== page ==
11. Taipan Snake

Via blogspot.com

Via blogspot.com

Belonging to the Oxyuranus genus of snakes, the Taipan is a scary-lethal snake found in Australia. These snakes are large, but they can slither very quickly. Their venom is responsible for many sicknesses and even deaths in the Australasia region. Taipans eat small mammals like rats, rodents, and bandicoots. Their venom contains a highly poisonous neurotoxin which paralyzes the nervous system and blocks blood vessels by rapidly clotting the blood. Due to the Taipan’s size, it can inject a good amount of venom with just one snake bite. Taipans that are found more inland are more timid than the Taipans you will find on the coasts of Queensland. Taipans measure out anywhere between 1.8 and 2.5 meters, and the females lay between 12 and 20 eggs at a time. Throughout the year the Taipan Snake can vary in color, sometimes it is dark brown while at other times during the year it is more yellowish.

10. Indian Red Scorpion

Via indianredscorpionresource.weebly.com

Via indianredscorpionresource.weebly.com

When you think about the fact that scorpions have been on Earth for a really long time – they outlasted the dinosaurs for crying out loud! – then it is easy to have greater respect for these creepy creatures. Like the Tunisian Fat-Tailed Scorpion, the Indian Red Scorpion is said to be one of the deadliest in the world. According to National Geographic, the Indian Red is the most lethal. Found in parts of India, the Indian Red is very little; about the size of a thumb. It walks on eight legs and two pincers that it uses to grab and pinch. The color is a light brown or tan shade, and they are nocturnal and wait for prey rather than hunt it. They tend to hide out where humans hang out, such as in closets or crevices, and they are often found in the outside areas surrounding houses. This makes Indian Red stings quite common among Indian children who are playing outside in the yard.

9. Tunisian Fat-Tailed Scorpion

Via photobucket.com

Via photobucket.com

As you would expect, you can find this scorpion in Tunisia, as well as in other regions in Africa and the Middle East. Belonging to the genus Androctonus, the Tunisian fat-tailed scorpion is considered by many to be the deadliest scorpion on Earth. Growing up to four inches, they have a very chubby tail, which is nicknamed the “man killer.” The venom of this scorpion can kill a human in just a few minutes thanks to its potent neurotoxins. Dozens of deaths a year are reported from the Tunisian fat-tailed scorpion, and it is the subject of Michael R. Linaker’s novel Scorpion and Scorpion: Second Generation. The scorpion was even the inspiration for the band name Acrassicauda. Even though these are the deadliest scorpions in the world, they are heavily smuggled and trafficked across borders and are even sold as exotic pets. Who in the world would buy this thing!?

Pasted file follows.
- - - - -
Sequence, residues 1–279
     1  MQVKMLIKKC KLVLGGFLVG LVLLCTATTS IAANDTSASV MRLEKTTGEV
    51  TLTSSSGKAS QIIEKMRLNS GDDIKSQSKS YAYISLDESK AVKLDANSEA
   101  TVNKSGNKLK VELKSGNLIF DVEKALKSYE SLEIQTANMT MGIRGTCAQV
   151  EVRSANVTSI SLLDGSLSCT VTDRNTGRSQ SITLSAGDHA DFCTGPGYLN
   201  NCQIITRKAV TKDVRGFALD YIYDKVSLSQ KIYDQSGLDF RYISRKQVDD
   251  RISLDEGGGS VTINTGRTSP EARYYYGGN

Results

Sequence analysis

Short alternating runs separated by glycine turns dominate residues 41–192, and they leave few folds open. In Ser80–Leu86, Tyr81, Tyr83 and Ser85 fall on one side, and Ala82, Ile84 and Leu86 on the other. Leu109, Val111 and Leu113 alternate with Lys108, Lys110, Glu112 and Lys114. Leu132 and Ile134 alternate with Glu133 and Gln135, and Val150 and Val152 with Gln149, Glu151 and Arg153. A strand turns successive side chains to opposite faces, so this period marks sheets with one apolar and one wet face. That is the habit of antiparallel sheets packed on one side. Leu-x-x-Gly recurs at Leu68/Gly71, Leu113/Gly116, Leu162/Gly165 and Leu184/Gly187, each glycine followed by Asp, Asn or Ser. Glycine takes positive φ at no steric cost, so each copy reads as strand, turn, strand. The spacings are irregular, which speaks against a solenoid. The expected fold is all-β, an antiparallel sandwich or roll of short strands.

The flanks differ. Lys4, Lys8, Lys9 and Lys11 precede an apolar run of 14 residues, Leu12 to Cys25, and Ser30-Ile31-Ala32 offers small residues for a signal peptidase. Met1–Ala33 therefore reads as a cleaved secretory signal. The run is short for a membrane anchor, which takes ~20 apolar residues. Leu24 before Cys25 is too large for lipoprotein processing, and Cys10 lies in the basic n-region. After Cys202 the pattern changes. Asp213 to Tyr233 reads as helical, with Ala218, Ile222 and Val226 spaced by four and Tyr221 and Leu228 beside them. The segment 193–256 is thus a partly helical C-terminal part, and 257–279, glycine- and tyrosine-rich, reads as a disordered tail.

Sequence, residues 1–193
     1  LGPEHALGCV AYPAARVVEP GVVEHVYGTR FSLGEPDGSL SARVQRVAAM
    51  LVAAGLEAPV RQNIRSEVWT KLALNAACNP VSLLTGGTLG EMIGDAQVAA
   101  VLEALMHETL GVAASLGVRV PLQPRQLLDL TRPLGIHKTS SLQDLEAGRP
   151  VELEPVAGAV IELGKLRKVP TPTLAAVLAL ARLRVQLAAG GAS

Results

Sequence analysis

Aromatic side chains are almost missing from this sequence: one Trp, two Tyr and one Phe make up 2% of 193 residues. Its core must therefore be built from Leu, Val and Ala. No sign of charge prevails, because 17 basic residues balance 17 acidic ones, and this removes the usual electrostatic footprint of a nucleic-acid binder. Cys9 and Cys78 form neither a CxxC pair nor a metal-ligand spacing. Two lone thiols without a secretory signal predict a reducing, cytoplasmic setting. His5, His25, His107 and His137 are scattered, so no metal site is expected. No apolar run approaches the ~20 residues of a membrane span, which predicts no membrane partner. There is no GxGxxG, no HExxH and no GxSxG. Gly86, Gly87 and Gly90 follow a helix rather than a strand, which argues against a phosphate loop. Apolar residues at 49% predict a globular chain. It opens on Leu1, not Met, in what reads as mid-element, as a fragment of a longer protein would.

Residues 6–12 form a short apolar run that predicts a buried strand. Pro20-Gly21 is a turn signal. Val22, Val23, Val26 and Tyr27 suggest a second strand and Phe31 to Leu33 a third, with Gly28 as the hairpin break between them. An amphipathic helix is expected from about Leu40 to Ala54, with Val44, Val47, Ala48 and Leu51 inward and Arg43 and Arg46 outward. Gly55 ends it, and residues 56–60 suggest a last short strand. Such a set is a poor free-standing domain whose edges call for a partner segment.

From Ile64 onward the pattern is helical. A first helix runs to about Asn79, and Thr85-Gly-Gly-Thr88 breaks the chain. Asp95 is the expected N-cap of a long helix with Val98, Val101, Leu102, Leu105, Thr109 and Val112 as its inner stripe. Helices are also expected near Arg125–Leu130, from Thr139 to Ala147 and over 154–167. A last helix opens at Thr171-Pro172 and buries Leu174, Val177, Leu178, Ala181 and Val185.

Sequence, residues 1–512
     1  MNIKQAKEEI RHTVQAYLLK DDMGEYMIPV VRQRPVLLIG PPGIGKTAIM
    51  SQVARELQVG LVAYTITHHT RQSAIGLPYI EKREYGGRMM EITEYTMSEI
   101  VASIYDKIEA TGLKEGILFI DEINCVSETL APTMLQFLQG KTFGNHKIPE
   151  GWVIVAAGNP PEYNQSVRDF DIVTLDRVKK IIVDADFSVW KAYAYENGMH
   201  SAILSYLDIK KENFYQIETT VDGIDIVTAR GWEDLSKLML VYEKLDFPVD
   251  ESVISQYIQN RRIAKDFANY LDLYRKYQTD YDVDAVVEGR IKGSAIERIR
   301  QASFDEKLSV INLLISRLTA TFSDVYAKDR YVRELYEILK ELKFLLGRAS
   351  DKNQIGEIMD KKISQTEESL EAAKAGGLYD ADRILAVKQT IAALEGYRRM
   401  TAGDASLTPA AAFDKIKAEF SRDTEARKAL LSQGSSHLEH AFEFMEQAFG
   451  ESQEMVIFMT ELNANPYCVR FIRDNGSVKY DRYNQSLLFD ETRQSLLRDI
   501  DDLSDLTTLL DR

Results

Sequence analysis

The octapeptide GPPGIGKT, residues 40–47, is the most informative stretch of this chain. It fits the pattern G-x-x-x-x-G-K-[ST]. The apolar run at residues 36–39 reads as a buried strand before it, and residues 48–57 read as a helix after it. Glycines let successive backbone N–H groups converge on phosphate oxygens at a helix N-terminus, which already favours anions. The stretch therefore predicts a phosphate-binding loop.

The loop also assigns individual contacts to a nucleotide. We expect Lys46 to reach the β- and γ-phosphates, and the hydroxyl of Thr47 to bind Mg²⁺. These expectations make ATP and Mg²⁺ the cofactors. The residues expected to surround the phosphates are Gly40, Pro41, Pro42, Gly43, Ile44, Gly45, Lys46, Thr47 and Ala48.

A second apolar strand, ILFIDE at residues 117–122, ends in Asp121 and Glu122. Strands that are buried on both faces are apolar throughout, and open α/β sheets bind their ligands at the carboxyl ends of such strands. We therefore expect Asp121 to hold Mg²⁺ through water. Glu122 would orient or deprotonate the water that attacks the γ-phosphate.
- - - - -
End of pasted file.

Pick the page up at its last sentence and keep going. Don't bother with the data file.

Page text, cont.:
8. Stonefish

Via wikimedia.org

Via wikimedia.org

Often cited as the most venomous and deadliest fish in the world, the Stonefish can be found in the Indo-Pacific seas. The stonefish is quite small, but that doesn’t mean it can’t pack a powerful punch. This fish has 13 spines, with each one holding a number of venom-filled sacs. In the Indo-Pacific seas, you can find five species of stonefish, and even though they are so venomous, they first capture their prey with their agility and speed. An attack from a stonefish can last just 0.0015 seconds, although in their daily activities, they just meander along slowly. Stonefish also possess impressive camouflage skills, and their venom is used in defense so they are not really known as venomous predators. However, if you step on a hiding stonefish, it will inject your foot with poison from its spines which can cause heart failure, pain, and even death within minutes.

7. Rattlesnake

Via nationalgeographic.com

Via nationalgeographic.com

Many people know about the rattlesnake, so it makes sense that an intense fear of the animal can be found all around the world. As for the rattlesnake itself, it can be found in both North and South America and in a variety of habitats and environments. While rattlesnakes tend to feast on small rodents and birds, they have been known to attack humans as well. These predators will make a rattling or hissing sound with their tails before they strike, and they are the number one cause of snakebites in North America. The venom-injecting fangs of the rattlesnake are shed every 6 weeks and then grow back, and there are three more pairs of fangs behind the primary fangs. Their hemotoxic venom causes intense pain, disrupted blood clotting, discomfort and pain, and even paralysis. The venom also contains a neurotoxin known as Mojave type A toxin as well as the C. tigris venom.

6. Tiger Snake

Via pilbarapythons.com

Via pilbarapythons.com

Usually dark brown in color and with a banded body, the Tiger Snake is found in and around southern Australia. This large serpent is mostly found in tropical regions, such as the coastal areas of Tasmania. Throughout the seasons, tiger snakes vary in color and size, which can make them even more dangerous to unsuspecting humans. The largest tiger snakes measure up to ten feet, and when they feel threatened they flatten down their bodies with their head raised above the ground right before they strike its victim. The tiger snake’s venom includes many harmful poisons: neurotoxins, myotoxins, coagulants, and haemolysins. Symptoms of a tiger snake bite include neck and foot pain, sweating, numbness, breathing problems, and paralysis. Without treatment, about half of the victims will die, so it is important to get medical attention as soon as possible. Treatment includes stifling the flow of the venom to the lymphatic system.